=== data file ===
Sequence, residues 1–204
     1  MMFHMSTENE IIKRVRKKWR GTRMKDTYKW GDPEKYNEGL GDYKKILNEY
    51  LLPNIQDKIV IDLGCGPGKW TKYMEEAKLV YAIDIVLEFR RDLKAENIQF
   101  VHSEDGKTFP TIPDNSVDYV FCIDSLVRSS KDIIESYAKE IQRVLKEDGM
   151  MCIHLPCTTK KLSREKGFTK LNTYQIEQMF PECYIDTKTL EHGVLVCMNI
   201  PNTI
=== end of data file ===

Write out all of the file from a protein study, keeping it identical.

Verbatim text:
Sequence, residues 1–204
     1  MMFHMSTENE IIKRVRKKWR GTRMKDTYKW GDPEKYNEGL GDYKKILNEY
    51  LLPNIQDKIV IDLGCGPGKW TKYMEEAKLV YAIDIVLEFR RDLKAENIQF
   101  VHSEDGKTFP TIPDNSVDYV FCIDSLVRSS KDIIESYAKE IQRVLKEDGM
   151  MCIHLPCTTK KLSREKGFTK LNTYQIEQMF PECYIDTKTL EHGVLVCMNI
   201  PNTI